India: Solar to beat coal on cost by 10% in five years, says KPMG


A new report by KPMG India assessing the country’s current solar push has concluded that PV will be 10% cheaper than coal in the country by 2020, with solar penetration rising to 5.7% of India’s energy mix by that date.

The report, titled The Rising Sun – Disruption on the Horizon, was commissioned on behalf of India’s minister of state for power, coal and renewable energy, Piyush Goyal, on the eve of Prime Minister Narendra Modi’s announcement that India will seek to spearhead a Global Solar Alliance of sun-rich countries.

According to the KPMG report, with solar costs having reached a new low of INR 5/kWh ($0.08/kWh) in the latest rounds of the NTPC solar auction, India will see a levelized cost of electricity (LCOE) for solar dipping below costs for coal within five years’ time. By 2025, the report confidently forecasts that solar will have “scaled up significantly” to become a major energy source in the country.

The report calculates that solar will cost an average of INR 4.20/kWh ($0.06/kWh) by 2020, and could cost as little as INR 3.59/kWh ($0.05/kWh) by 2025, reaching around 12.5 % of India’s energy generation mix by that date and, alongside wind power, making the Indian grid one-fifth renewable.

The bulk of this evolution will play out at utility scale, with the KPMG report adding that disruption may arrive via the solar rooftop sector provided appropriately affordable storage technology is widely adopted and progressive solar policies are introduced. Goyal has recently submitted a policy proposal to the House on such matters, but analysts Bridge to India have said that it could prove to be a "non-event" unless certain actions are taken.

Despite these concerns, KPMG forecast rooftop solar in India, combined with storage, will be cheaper than grid power after 2022, reaching 10 GW of rooftop capacity by 2020 and up to 49 GW by 2025.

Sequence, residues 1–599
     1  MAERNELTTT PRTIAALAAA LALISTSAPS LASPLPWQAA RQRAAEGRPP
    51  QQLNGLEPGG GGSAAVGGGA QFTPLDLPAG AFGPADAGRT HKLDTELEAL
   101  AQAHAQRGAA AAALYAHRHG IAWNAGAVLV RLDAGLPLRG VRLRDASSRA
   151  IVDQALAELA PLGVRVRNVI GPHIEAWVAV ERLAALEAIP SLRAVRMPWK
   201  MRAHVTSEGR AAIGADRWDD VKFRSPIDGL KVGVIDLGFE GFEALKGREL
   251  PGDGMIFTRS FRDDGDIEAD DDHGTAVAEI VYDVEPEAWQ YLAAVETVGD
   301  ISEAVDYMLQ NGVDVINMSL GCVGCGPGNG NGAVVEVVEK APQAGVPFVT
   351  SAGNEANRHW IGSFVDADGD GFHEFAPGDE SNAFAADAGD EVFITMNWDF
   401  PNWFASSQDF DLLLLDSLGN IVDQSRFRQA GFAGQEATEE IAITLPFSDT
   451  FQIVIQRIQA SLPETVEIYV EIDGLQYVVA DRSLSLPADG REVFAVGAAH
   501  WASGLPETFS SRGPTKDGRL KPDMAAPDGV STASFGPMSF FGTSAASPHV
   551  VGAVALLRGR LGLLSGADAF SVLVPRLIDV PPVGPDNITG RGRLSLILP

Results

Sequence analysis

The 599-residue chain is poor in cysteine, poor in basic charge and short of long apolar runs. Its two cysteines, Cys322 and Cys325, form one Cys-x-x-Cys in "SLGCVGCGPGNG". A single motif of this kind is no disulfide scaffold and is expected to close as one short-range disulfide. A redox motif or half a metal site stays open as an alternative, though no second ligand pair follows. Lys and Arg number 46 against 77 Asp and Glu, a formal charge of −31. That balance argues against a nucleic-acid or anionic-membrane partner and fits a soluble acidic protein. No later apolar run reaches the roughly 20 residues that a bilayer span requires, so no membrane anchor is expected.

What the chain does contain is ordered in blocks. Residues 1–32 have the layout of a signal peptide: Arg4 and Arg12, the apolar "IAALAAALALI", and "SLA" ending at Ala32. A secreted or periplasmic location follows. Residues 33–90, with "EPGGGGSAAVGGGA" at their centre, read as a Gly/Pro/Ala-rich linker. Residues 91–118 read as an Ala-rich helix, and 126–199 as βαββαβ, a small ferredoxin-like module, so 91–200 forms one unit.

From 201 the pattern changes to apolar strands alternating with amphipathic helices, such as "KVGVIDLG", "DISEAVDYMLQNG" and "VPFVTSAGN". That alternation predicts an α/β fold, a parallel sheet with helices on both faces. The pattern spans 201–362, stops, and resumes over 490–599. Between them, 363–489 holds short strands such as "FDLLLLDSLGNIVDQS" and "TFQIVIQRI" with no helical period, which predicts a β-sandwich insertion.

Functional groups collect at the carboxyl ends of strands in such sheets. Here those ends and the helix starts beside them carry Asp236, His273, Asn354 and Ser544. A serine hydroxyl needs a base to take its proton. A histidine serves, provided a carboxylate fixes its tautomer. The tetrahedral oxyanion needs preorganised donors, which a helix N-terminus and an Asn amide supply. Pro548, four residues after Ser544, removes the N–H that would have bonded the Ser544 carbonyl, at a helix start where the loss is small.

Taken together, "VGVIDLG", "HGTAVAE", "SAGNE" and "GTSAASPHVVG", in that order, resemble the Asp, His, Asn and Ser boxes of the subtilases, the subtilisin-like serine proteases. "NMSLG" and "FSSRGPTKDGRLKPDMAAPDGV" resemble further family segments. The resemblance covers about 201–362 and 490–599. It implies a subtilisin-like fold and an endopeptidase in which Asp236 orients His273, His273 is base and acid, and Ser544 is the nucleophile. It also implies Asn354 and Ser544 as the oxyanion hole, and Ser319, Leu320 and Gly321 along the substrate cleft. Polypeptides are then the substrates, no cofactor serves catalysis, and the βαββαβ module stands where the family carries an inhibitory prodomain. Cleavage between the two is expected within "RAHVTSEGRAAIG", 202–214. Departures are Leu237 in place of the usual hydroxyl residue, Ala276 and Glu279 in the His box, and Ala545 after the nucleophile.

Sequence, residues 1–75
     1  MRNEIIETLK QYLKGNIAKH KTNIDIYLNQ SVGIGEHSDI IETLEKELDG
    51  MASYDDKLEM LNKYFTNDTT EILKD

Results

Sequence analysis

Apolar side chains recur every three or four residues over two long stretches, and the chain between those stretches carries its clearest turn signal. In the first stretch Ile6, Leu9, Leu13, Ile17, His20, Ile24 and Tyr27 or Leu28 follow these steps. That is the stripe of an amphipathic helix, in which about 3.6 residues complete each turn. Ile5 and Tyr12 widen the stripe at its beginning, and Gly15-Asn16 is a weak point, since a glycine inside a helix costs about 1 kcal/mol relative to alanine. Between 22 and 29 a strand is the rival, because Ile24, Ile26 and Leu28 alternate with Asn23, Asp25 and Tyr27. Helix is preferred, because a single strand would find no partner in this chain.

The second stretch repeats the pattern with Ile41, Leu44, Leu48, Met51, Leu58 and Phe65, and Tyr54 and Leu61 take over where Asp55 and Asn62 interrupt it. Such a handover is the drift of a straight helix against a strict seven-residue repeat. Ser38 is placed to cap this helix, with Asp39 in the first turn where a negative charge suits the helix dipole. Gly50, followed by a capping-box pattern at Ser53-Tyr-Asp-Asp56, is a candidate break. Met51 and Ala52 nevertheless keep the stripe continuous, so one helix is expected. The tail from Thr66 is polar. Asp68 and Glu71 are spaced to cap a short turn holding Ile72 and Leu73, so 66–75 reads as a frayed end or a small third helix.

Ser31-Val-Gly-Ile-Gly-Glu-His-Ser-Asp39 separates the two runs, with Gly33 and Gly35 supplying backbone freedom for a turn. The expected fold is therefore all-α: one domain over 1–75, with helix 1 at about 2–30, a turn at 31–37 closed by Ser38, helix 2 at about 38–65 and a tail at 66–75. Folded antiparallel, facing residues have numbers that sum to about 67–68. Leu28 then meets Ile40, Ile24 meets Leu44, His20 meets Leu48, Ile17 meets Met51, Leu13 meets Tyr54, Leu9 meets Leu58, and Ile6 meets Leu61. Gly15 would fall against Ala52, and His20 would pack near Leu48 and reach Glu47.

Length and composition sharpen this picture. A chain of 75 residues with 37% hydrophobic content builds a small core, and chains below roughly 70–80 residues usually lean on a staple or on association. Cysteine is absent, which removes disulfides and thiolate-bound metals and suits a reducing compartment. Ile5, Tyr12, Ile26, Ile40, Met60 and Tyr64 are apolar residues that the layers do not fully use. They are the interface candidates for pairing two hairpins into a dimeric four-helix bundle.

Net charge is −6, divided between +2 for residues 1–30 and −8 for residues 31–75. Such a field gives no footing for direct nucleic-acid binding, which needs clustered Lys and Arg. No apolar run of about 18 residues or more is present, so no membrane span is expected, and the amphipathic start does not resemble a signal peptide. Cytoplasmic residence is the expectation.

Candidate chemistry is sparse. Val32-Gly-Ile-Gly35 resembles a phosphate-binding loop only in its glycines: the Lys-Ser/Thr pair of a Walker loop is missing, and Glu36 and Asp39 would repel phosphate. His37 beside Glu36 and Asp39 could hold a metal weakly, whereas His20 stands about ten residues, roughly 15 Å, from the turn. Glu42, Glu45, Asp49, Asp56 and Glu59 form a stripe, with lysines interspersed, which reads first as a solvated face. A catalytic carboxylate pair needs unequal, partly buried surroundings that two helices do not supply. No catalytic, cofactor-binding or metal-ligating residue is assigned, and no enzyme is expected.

Coal displacement

The report suggests that the coal sector will initially respond to the threat posed by cheaper solar by seeking to lower production and distribution costs, but ultimately a preference for solar power will see some 275 million tonnes of carbon emissions displaced by 2025, setting India on course to achieve the Intended Nationally Determined Contribution (INDC) targets set to be outlined at the COP21 UN summit on Climate Change in Paris later this month.

These INDCs will compel India to lower its emission levels by between 33% to 35% based on 2005 levels. Solar’s role in this first-phase transition will amount to a 4% contribution, the KPMG report states. These solar-led disruptions to India’s energy landscape will be most keenly felt from 2017 onwards, says the report, with coal output falling by as much as 15% by 2020.

For this transition to take root, the report suggests that India needs to begin planning for a new paradigm, which would include accounting for a high renewable energy scenario, ie, developing storage, smart grids and strengthening of the planning infrastructure to incentivize investments in grid integration of solar and wind.

"The government should think of promoting storage technologies in the same way it did for encouraging the use of solar power through the National Solar Mission in 2009," states the report. "A benefit that India has is that new electrical infrastructure is expected to be built in the next 15 years that will exceed what is standing on the ground today, ie, we will more than double the infrastructure."

With this infrastructure in place, KPMG calculates that solar PV in India could reach 166 GW by 2025. Thus, India is largely unique in that it has the opportunity to employ solar power as a ‘leapfrogging’ technology at large scale, matching the solar installations of the U.S. and China by 2030 despite starting from a much lower installed base as of 2015.

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